First ride review: 2017 Harley Davidson Street Rod 750

Harley Davidson Street Rod 750

Remember the launch of the Street 750 in India, at the India Bike Week? Well, I do and I remember there being a trio of customs based on it. One of them, the RDX 800, sees the light of day in this here Street Rod. Lead designer, Chetan Shedjale, says his design was inspired by the world of flat trackers, drag race motorcycles and cafe racers. Here’s how the Street Rod stands out over the regular Street 750.


Take for example the new front and rear cowls, which are a cafer influence, both which look aggressive. The new front end adds a nice personality to the face of the motorcycle, along with the drag-bike flat bars with bar end mirrors. Wheels at both ends are 17-inches in a particularly nice design, wearing Michelin Scorcher radials though India might have to do with MRFs. The rear subframe has been shortened and the seat height increased to 765mm, which makes it easy for even shorter riders to get their feet down. The tank has been forwards too, along with the raised and moved rearwards foot controls, results in a riding position that is much more sporty than the Street 750. This also means the Street Rod can lean more – up to 40.2 degrees to the left and 37.3 degrees to the right, way more than the 28.5 degrees of the Street 750. We’ve also noticed that the wiring is routed much cleaner, so kudos to Harley-Davidson for listening to some of the specific pain points of customers.


Which brings us to the other changes on the Street Rod – the uprated brakes, chassis geometry, and totally revised suspension. The front brakes now get dual 300mm rotors, the rear gets a single disc, with ABS as standard. The rake has been reduced from 32 degrees to 27, resulting in a shortening of wheelbase and reduction of trail – essentially making the bike feel smaller on the road but we’ll get to that. The suspension components could be considered a massive leap forwards, with the 43mm upside down forks up front and piggyback shocks at the rear, with preload adjustment only for the rears.


As for the new High-Output Revolution X engine, it’s essentially the Street 750 engine on steroids. Compression now stands at 12.0:1, up one point from before, with the help of new pistons. High lift cams, a revised air intake and shorter exhaust all come together for an 8 per cent bump in torque and a claimed 18 per cent increase in horsepower. Redline has moved to 9,000rpm, one thousand revs more than before. Honestly, you probably won’t notice that fact since the motorcycle feels best when ridden under the 6,000rpm mark. Vibes creep in post 5,000rpm but the experience becomes buzzy shortly after. Quick trips into the upper reaches of the rev range aren’t an issue, the bike sounds good on the way there. The engine feels tractable though, with 3rd gear being good down to 20kmph without lugging.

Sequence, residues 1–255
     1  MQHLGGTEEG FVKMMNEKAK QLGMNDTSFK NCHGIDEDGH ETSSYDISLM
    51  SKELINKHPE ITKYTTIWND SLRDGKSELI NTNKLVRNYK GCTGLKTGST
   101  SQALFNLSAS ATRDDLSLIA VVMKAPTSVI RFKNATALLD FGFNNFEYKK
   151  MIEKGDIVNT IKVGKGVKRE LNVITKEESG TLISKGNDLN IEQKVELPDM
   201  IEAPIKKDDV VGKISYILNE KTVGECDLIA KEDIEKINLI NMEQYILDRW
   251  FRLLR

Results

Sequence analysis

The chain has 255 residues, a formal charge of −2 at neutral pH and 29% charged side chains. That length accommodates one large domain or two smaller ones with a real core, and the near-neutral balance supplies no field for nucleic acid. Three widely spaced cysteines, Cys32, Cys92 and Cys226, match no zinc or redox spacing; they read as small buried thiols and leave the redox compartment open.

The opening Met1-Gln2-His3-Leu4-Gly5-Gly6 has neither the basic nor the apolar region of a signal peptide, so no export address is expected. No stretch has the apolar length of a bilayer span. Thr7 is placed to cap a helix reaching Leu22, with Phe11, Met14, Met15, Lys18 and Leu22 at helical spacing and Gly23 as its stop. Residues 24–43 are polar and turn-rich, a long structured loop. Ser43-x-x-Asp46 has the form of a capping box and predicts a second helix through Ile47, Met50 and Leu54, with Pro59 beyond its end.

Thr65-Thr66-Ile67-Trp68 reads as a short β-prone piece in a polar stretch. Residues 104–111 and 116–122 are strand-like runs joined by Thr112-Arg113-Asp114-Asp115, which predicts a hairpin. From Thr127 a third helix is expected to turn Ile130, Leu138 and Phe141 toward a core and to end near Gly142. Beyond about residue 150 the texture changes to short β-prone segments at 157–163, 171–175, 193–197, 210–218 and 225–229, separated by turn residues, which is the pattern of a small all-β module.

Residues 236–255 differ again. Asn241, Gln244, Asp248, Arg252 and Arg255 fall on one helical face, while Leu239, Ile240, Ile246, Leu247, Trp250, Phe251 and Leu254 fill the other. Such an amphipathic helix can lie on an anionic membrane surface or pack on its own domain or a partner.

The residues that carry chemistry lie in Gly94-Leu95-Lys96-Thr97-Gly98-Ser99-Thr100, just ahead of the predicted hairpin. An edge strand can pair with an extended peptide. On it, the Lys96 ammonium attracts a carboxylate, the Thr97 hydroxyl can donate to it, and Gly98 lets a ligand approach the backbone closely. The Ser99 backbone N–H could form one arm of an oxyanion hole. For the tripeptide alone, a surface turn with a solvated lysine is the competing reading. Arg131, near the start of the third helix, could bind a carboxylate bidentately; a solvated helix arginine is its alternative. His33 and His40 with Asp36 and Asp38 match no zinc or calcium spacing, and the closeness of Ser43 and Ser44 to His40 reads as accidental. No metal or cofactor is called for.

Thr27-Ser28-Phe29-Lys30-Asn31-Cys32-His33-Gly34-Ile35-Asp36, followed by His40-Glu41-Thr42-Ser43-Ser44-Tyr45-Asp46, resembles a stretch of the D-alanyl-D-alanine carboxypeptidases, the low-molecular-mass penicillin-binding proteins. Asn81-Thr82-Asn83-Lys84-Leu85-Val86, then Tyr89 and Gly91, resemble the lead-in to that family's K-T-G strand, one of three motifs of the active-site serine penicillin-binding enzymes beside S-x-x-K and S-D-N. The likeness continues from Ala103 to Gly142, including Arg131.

Now, for the part most prospective owners will have been waiting for – the braking and handling. Both of which are impressive. Brake feel is progressive but the bite is there at the end of the lever pull. The Street Rod also does feel very nimble, more nimble than its 238kg wet weight would suggest – the quickened rake is to thank here. One particular corner we tried over and over for our photo sessions tightened up quite a bit as the corner went on and the Street Rod was more than willing to lean further and tighten its line too, without making the rider reach for the brakes. You will probably want to brake for bad sections of road though, since the new suspension is set up on the stiff side, transmitting most minor road imperfections through to your hands and saddle.

With everything that’s gone into the Street Rod, it’s worth the asking price of Rs 5.86 lakh, or about Rs 85,000 over the Street 750. That the character of the Street Rod is completely different makes the deal sweeter, especially if you’re looking for a big bike that doesn’t feel like one to ride. The Harley badge helps its case too.